Thursday, April 29, 2004



Elke has me working on repertoire reels, now, and we've started touching on the different styles. In her view, the old Highland reel style emphasized both accenting and swing in varying degrees, and different decendant idioms took different aspects and magnified them.

In the piping tradition, swing became paramount, and what accenting was left was achieved through snaps and ornaments. On the fiddle, though, swing tends to push the accenting into either a down- or up-beat orientation, since it's difficult to accent a note shortened by having time stolen by the previous one.

In the Cape Breton tradition, reels are played absolutely round, with no swing. Moreover, 3-in-a-bows are essentially unheard of. But there are some interesting accenting patterns. For example, with each letter an 8th note, o being unaccented, > being accented, two prominently used patterns are (taking the pattern within a single bar, though sometimes it happens across it):

| >oo> oo>o |


| o>oo >o>o |

These accent patterns correspond to groups of steps in Cape Breton dance. This is making it more and more essential that I eventually take dance classes for the various types of dance: Highland, Country Dance, Cape Breton step, Highland step, and so on. Dance tunes accentuate the dance, and the dance informes the dance tunes, in more ways than I thought. Exciting stuff.

She had an interesting observation about Scottish vs. Irish reels. "I've always seen Irish reels as 'flowing', where Scottish reels are 'punctuated'."

Interesting stuff...

Saturday, April 24, 2004


Musical Smackdown

I have been put back into my place.

For the last year or so, I have begun to believe my own press. Meteoric rise, cinderella-boy, blah blah. Taking 2nd at Richmond just reinforced it.

I just took 5th of 6 in open grade Scottish fiddle at the Southern Maryland Celtic Festival. First, I was unhappy with my own performance, especially with the nervous wavering I should be long over (when sober, I've long been past it tipsy), and the intonation in F-major.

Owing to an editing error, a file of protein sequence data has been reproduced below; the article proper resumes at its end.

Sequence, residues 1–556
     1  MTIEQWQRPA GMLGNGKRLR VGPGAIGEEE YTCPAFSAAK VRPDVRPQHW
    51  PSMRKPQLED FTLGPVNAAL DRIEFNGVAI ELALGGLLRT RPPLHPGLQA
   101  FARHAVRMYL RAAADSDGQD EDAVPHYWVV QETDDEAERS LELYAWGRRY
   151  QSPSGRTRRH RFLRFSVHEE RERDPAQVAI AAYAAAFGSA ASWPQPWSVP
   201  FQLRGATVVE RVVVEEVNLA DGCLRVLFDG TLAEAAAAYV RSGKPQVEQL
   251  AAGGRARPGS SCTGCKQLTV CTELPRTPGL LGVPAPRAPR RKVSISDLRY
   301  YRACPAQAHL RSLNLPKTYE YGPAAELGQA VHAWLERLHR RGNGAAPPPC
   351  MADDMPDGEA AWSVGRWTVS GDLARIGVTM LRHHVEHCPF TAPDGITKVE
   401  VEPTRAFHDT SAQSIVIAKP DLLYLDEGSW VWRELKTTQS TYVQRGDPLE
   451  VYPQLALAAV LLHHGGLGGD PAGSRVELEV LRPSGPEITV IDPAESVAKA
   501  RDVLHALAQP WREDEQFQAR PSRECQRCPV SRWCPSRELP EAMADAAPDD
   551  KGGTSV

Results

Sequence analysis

But even if I had played to the best of my abilities, without error, the best I could have done was 4th of 6, and that's debatable. The competition was just far too good. Props to them, they're all excellent fiddlers. However, this reminds me of how much of an intermediate player I really am, and how any delusions of being advanced in my skills are very premature.

In the end, I wandered the festival for ten minutes after the fiddle competition was over, and when I couldn't find the CAPD guys to hang out with, I went home to take a nap.

I have slacked off for the last six months, allowed myself too many distractions. It's time to get back to basics, back to my strict practice regimen, back on that meteoric rise. I may compete a couple more times this year, but this is not my year to make a name for myself, I can tell that already.

Sunday, April 18, 2004


Old Recordings are Good Recordings

J. Scott Skinner was one of Scotland's great fiddle composers, known as "The Strathspey King". Active through the 19th century, his influence on both fiddling and piping is immesurable. Recently, in the beginning of our repertoire survey, Elke has been introducing me to some of Skinner's strathspeys, and to the Northeastern style in which they are now played. Two weeks ago, she also commented, "We know Skinner didn't play his tunes like that, because he lived into the recording age." An interesting footnote, I thought. "I've got to find some of those old recordings someday".

Today in the Borders bookstore, I found (in their impressive Celtic music section) a CD of J. Scott Skinner's music, played by J. Scott Skinner himself, remastered from recordings made from 1905 - 1925, two years before his death. Wow. Three weeks ago I might have dismissed the CD as collection by various performers, and not looked closely to see it was Skinner himself.

The recording quality is poor, and he's often on a Stroh fiddle, which has its own unique sound. But the playing itself is brilliant.

Thursday, April 15, 2004


The Tune That Fell out of my Brain

I wrote my first tune last night!